Evan Vucci/AP

Trump Sets Timetable for Agency Meetings, but Transition Efforts Have Already Fallen Behind Schedule

Agencies are well prepared to guide the incoming administration but have not received any guidance from it.

President-elect Donald Trump’s transition team has yet to send personnel to embed with agencies to gather information and share priorities, setting that effort behind the anticipated schedule created by good government groups working in conjunction with the Obama administration.

Trump aides said the first batch of the so-called transition “landing teams” will arrive at “national security” agencies Friday, while the rest of the teams will deploy next week. The first tier of agencies includes the departments of Defense, State and Justice, as well as the National Security Council. The president-elect will announce teams joining six economic agencies on Monday, and the rest of federal government later in the week.

The transition effort is not as far along as it could have been at this point, according to individuals with instrumental roles in institutionalizing the process for the first time in 2016, and agencies are awaiting further guidance from Trump’s team. Major post-election shakeups and a delay in signing paperwork that allows federal agencies to share information with the incoming administration have reversed progress made before Trump’s victory.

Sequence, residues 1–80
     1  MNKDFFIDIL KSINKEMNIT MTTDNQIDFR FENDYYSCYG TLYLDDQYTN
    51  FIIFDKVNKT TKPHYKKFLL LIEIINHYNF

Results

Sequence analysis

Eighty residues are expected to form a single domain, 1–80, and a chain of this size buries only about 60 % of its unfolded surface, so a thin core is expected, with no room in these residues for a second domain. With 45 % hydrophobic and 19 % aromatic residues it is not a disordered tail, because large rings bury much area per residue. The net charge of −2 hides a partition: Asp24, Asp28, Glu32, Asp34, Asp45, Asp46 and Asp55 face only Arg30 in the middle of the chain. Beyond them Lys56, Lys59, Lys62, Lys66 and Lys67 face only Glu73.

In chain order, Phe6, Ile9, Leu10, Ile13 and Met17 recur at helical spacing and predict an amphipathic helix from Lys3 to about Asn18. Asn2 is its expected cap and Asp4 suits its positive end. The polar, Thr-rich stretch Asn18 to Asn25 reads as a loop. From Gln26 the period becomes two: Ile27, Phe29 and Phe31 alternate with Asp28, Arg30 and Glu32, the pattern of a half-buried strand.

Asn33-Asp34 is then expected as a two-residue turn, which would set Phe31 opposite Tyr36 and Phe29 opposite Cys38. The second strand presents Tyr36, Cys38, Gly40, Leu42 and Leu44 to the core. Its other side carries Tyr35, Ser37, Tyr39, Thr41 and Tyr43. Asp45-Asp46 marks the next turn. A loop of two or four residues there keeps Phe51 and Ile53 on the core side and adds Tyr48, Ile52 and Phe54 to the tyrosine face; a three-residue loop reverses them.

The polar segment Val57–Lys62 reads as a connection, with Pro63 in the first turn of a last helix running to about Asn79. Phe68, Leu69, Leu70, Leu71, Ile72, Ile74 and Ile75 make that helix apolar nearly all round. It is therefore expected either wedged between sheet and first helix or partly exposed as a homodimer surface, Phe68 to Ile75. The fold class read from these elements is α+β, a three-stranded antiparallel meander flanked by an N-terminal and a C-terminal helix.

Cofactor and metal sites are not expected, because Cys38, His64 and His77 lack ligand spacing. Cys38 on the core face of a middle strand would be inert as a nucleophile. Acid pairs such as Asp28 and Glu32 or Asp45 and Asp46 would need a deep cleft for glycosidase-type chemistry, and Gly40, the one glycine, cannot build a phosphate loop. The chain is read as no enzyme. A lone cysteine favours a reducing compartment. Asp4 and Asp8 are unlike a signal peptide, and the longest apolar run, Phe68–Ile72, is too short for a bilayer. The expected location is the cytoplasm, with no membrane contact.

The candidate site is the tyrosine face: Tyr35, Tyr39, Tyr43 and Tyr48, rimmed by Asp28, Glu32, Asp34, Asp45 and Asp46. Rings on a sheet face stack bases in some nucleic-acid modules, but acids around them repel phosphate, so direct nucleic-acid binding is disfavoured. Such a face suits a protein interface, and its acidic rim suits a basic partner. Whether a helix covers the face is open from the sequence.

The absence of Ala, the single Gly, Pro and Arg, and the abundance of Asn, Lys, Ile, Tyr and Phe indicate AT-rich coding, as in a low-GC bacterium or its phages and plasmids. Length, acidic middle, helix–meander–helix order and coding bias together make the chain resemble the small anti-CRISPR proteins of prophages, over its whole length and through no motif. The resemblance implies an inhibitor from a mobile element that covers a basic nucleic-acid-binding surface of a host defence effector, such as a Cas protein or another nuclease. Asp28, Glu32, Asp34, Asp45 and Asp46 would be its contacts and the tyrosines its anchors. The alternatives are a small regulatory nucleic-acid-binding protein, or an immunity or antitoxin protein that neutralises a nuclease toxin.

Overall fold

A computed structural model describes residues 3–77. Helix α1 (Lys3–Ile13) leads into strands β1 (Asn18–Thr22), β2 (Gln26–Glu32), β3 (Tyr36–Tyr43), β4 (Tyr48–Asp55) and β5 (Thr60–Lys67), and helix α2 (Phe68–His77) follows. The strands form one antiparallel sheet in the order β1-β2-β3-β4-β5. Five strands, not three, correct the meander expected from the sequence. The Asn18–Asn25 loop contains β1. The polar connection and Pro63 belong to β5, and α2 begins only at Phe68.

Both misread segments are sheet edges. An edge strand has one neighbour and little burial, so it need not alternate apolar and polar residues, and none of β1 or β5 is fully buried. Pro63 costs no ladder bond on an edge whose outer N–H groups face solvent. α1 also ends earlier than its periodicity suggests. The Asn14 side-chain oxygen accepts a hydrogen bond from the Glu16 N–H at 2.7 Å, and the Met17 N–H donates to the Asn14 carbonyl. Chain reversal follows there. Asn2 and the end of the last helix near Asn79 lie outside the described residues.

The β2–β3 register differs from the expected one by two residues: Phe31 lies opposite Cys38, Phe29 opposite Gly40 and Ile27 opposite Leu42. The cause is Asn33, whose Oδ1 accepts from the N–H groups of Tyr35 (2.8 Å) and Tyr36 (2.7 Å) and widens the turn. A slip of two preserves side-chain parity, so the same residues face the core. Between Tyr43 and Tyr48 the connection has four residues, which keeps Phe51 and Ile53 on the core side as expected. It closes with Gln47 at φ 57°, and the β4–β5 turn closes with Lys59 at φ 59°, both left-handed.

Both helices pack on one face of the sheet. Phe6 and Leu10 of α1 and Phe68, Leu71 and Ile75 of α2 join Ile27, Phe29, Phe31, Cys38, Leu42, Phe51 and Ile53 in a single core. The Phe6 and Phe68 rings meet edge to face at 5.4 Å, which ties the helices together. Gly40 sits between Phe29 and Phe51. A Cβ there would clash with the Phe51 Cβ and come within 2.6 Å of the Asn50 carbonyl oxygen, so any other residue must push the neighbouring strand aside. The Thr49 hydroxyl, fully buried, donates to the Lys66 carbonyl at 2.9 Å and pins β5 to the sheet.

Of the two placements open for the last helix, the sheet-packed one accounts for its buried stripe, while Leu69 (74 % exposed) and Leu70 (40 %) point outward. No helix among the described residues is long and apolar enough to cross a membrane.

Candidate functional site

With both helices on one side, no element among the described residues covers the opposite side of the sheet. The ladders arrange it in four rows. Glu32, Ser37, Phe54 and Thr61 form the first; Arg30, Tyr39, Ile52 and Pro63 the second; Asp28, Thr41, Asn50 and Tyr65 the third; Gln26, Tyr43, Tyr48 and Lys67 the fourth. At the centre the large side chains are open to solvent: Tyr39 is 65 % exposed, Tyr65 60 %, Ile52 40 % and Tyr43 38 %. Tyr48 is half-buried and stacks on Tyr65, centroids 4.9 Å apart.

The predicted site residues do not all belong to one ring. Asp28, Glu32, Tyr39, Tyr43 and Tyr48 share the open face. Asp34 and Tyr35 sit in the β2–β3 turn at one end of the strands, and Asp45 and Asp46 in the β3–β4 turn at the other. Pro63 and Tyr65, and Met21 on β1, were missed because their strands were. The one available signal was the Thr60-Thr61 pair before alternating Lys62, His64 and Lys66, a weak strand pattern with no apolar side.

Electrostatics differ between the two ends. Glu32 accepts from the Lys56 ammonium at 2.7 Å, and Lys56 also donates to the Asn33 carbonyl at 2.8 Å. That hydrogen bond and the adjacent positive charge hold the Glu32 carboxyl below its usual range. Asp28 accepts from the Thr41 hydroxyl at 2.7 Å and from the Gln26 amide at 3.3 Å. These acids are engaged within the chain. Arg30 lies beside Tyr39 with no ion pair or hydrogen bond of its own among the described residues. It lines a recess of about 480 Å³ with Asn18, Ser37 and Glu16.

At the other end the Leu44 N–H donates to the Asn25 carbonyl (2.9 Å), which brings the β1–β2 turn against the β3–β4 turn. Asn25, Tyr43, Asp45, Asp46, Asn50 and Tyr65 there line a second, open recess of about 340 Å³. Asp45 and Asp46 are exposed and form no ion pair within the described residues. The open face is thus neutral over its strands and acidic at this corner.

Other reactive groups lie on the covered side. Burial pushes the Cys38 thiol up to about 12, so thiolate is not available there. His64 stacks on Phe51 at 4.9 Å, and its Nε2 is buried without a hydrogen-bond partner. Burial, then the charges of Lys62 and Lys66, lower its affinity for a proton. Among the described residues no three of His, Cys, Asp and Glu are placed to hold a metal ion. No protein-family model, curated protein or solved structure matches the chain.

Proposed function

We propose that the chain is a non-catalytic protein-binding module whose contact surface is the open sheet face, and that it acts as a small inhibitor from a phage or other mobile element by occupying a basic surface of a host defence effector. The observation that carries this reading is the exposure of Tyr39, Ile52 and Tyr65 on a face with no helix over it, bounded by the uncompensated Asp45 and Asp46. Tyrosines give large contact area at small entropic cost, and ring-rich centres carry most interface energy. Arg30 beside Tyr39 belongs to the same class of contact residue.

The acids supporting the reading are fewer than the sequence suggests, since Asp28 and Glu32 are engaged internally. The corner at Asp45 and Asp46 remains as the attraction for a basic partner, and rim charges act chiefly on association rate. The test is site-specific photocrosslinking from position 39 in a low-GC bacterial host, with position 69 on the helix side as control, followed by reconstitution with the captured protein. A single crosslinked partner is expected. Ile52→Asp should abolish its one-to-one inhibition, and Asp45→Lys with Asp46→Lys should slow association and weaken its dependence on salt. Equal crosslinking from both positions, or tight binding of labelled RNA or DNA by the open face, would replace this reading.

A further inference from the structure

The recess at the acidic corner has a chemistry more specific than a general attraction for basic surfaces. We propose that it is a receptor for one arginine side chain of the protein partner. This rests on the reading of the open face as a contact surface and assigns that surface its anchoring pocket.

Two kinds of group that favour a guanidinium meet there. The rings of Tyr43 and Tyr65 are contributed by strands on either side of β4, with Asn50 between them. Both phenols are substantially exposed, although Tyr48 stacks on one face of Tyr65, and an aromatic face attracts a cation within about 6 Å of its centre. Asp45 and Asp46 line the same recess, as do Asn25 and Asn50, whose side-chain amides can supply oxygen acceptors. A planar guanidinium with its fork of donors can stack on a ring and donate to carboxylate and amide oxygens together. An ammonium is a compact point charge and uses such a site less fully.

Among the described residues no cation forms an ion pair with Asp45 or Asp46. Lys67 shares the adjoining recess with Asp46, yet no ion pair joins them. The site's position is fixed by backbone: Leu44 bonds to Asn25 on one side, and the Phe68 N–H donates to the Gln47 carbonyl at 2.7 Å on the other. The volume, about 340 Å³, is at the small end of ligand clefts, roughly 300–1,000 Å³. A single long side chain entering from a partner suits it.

While some turbulence is expected as transition and campaign staffs merge, personnel changes on Trump's team have amplified the problems and major agencies report they have had no contact with anyone connected to the incoming administration. Officials at the Veterans Affairs Department, for example, have not received any meeting requests from the Trump team, a spokeswoman said. Trump during his campaign promised significant reform at VA.

The lack of contact has not stopped the department from moving forward with its side of the equation.

“VA has worked diligently to put a robust transition plan in place,” said Victoria Glynn, the VA spokeswoman. “We will present the incoming administration transition team with a forward-looking plan so that VA can continue working effectively to provide uninterrupted, high-quality, timely, and effective care and benefits to our nation's veterans, their families and their survivors. We will provide a complete and candid assessment of VA’s issues and capabilities.”

The Education Department, which Trump has on various occasions threatened to eliminate entirely, has been similarly left wondering its fate. It is currently awaiting the names of individuals who will represent the president-elect’s transition efforts at the department, said Dorie Nolt, Education’s press secretary.

“Once we have received those names and related materials, those individuals will be able to receive the briefing materials we have prepared and begin to communicate with their Obama administration agency counterparts as we continue our work to facilitate the transition to the next administration,” she said. In the meantime, Education has prepared organizational charts, budget materials, briefings on key priorities and areas of responsibility, and other materials.

The Office of Personnel Management, which may have to oversee new civil service laws and a hiring freeze under the Trump administration, said it is still awaiting names of who will be involved in the transition and when they will arrive. OPM, like the General Services Administration and other agencies, has both internal and governmentwide transition responsibilities. The agency has hosted transition training initiatives through the Chief Human Capital Officers Council as well as online webinars, and provided guidance to agency heads, transition leaders and human resources personnel.